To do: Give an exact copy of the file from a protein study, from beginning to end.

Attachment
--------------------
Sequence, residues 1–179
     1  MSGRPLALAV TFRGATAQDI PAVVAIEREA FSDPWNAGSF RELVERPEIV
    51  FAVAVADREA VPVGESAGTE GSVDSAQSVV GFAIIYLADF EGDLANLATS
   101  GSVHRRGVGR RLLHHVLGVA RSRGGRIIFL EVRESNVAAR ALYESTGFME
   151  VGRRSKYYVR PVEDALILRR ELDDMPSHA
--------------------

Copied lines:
Sequence, residues 1–179
     1  MSGRPLALAV TFRGATAQDI PAVVAIEREA FSDPWNAGSF RELVERPEIV
    51  FAVAVADREA VPVGESAGTE GSVDSAQSVV GFAIIYLADF EGDLANLATS
   101  GSVHRRGVGR RLLHHVLGVA RSRGGRIIFL EVRESNVAAR ALYESTGFME
   151  VGRRSKYYVR PVEDALILRR ELDDMPSHA